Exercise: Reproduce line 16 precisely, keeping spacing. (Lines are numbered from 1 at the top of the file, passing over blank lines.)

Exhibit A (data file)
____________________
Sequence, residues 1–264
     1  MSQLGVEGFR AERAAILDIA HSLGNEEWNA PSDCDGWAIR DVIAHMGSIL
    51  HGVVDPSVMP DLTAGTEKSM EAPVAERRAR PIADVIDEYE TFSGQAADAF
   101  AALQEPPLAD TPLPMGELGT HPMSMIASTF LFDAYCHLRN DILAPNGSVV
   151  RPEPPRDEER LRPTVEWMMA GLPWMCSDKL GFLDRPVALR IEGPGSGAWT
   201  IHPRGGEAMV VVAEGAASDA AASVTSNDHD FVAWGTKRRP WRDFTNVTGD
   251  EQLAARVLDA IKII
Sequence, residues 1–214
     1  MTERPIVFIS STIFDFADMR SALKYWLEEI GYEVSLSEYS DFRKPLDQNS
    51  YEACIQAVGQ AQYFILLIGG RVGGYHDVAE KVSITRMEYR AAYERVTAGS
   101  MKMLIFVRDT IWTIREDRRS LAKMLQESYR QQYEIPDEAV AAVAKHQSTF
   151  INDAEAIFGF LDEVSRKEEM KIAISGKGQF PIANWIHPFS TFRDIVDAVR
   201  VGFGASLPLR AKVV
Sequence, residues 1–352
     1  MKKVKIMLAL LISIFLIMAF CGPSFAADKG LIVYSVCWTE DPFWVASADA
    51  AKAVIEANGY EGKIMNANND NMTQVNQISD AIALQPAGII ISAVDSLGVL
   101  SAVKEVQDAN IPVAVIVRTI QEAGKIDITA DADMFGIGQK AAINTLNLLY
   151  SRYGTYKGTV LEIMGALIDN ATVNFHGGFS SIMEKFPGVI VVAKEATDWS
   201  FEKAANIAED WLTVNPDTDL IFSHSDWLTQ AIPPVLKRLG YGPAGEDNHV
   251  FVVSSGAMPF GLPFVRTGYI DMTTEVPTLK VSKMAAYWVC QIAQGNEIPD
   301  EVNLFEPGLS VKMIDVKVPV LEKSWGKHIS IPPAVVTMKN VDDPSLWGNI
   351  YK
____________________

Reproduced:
    51  AKAVIEANGY EGKIMNANND NMTQVNQISD AIALQPAGII ISAVDSLGVL